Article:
Merrill Lynch & Co agreed to invest Japanese Yen 100 billion (US$831 million) in a bad-loan venture with UFJ Holdings Inc, Japan's fourth-largest lender, which needs capital after posting a record loss.
The investment will enable Merrill to expand its advisory business in Japan, where banks are bidding to restructure Japanese Yen 52.4 trillion of bad debt. The biggest US securities firm by capital shut most of its brokerage branches in Japan in the past two years to stem losses stoked by a tumbling stock market.
"Merrill Lynch is enthusiastic about working with UFJ to offer creative solutions in resolving problem loans," said Takayuki Inoue, a Tokyo-based spokesman for the firm.
Japanese banks need to raise capital to replace funds used to write off bad loans and cover losses on stock investments. UFJ had a Japanese Yen 1.23 trillion net loss in the year ended March 31, the second biggest posted by a local lender.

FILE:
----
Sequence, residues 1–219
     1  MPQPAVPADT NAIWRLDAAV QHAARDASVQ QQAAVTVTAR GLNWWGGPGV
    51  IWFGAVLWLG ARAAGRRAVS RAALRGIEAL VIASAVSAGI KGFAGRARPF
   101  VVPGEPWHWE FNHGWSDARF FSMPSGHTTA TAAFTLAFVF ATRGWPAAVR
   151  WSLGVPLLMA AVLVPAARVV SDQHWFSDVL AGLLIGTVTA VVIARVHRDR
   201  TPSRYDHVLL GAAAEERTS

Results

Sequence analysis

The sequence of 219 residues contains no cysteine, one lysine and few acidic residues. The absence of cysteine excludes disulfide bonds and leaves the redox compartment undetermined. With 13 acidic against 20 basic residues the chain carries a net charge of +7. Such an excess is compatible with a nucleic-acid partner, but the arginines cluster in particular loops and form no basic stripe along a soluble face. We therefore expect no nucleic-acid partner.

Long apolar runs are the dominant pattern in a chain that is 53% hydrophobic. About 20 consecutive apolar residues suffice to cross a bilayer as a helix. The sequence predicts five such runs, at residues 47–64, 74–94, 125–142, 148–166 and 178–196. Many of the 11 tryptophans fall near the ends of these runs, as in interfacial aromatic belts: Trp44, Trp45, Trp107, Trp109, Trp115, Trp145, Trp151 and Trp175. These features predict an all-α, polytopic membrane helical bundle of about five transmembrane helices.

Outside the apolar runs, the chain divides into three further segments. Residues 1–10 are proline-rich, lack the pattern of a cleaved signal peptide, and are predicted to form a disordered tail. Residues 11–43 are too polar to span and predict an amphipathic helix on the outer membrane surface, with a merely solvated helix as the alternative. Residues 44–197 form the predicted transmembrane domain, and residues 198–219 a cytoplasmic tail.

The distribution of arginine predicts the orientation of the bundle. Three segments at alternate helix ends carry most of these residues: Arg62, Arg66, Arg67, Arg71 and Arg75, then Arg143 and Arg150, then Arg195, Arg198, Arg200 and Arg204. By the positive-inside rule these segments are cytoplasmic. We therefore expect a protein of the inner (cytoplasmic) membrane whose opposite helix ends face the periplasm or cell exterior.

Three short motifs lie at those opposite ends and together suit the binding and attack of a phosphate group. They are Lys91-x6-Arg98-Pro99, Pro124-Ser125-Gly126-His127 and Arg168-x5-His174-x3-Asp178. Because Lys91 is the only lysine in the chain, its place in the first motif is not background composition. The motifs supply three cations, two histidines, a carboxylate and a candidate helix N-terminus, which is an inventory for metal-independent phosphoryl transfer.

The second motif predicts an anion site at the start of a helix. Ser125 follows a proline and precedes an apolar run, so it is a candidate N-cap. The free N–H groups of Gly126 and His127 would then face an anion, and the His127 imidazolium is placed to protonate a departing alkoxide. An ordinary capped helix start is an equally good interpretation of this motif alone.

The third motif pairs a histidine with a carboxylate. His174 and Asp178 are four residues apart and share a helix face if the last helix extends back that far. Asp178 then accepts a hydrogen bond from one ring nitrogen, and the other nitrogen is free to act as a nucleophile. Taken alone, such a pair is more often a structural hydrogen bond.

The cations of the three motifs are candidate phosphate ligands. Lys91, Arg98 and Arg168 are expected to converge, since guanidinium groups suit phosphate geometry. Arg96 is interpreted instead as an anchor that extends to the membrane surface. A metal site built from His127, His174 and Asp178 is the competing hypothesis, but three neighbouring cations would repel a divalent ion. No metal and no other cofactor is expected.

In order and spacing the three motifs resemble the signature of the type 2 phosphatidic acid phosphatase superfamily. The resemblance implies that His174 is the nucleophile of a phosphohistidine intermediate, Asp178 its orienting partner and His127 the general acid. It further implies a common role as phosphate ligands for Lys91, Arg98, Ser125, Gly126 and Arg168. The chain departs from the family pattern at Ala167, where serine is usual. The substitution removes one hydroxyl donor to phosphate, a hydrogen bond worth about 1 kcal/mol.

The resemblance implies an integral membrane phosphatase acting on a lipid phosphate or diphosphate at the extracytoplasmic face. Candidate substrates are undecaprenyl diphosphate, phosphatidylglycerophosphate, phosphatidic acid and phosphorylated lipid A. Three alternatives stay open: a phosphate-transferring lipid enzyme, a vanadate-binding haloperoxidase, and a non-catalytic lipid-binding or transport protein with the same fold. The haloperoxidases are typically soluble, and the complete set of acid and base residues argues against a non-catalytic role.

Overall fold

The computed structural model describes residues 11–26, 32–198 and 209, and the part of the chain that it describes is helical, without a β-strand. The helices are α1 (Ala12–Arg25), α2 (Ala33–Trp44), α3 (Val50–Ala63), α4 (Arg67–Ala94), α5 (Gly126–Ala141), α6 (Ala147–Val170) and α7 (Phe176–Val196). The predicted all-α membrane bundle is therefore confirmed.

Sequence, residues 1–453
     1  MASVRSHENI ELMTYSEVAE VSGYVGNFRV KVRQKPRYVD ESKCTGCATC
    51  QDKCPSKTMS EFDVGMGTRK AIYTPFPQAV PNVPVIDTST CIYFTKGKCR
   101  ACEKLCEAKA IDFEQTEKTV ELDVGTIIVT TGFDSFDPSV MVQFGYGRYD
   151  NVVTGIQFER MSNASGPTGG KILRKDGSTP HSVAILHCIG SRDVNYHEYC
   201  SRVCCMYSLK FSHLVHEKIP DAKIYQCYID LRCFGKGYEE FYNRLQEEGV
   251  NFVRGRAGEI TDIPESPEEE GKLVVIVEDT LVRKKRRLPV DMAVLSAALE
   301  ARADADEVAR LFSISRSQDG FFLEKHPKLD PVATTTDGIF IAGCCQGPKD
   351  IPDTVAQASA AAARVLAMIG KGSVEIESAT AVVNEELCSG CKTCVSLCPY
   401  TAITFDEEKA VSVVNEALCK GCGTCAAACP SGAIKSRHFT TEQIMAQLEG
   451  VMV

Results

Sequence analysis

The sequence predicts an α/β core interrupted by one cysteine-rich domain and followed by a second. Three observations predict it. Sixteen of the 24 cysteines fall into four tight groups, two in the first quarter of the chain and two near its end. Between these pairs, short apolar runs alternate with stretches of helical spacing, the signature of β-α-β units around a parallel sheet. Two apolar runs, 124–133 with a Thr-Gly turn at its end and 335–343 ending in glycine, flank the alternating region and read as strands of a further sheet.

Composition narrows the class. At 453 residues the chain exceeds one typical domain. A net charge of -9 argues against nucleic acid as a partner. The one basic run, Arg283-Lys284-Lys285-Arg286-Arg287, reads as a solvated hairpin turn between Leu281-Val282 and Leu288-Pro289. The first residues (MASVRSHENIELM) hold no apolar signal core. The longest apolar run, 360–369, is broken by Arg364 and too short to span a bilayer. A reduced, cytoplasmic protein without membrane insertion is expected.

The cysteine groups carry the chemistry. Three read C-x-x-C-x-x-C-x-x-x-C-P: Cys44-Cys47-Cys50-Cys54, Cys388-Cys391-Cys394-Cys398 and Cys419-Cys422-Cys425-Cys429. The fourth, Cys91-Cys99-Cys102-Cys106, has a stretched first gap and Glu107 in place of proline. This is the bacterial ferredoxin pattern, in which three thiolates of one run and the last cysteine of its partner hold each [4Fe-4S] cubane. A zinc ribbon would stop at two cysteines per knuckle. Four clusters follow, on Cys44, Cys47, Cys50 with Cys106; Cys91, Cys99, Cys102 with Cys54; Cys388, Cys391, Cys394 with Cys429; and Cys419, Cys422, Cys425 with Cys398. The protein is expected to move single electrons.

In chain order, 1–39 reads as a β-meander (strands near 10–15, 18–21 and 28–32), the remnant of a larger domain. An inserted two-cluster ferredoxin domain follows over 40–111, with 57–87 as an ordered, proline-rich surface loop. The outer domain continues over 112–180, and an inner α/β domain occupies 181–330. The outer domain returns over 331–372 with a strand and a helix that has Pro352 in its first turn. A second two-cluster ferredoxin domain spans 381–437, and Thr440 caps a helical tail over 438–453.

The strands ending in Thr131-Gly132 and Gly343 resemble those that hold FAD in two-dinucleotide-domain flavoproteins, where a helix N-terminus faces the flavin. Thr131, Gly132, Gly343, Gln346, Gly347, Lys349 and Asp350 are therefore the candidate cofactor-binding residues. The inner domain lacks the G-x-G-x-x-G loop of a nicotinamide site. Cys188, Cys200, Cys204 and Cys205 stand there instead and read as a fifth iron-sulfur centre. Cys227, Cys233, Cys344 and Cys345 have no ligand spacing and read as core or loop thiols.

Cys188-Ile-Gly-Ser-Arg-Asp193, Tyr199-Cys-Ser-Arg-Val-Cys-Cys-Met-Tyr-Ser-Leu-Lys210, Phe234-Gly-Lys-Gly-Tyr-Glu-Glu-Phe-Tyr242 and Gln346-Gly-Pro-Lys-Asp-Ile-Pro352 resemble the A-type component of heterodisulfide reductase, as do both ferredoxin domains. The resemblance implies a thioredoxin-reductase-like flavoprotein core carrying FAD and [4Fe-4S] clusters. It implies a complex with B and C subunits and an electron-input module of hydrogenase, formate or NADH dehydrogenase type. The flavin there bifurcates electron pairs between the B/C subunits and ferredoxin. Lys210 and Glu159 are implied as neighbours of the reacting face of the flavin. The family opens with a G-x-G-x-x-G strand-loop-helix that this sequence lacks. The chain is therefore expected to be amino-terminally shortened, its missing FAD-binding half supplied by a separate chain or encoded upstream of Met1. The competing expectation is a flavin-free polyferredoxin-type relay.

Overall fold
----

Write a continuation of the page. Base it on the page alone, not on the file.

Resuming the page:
More than 10 percent of UFJ's loans are classified as non-performing. It plans to shift Japanese Yen 1 trillion of bad debt into a new asset-management unit in which Merrill will buy preferred shares, UFJ said in a statement.
UFJ, which last year posted the second-worst loss by a Japanese bank, said it will cut 20 percent of its group executive posts by March 2004, and to eliminate more than 1,000 jobs in the banking group by March 2005. It will also close more than 100 of its 660 group branches by March 2005. The lender said it targets a reduction in its ratio of bad lending to 3 percent from 10 percent.
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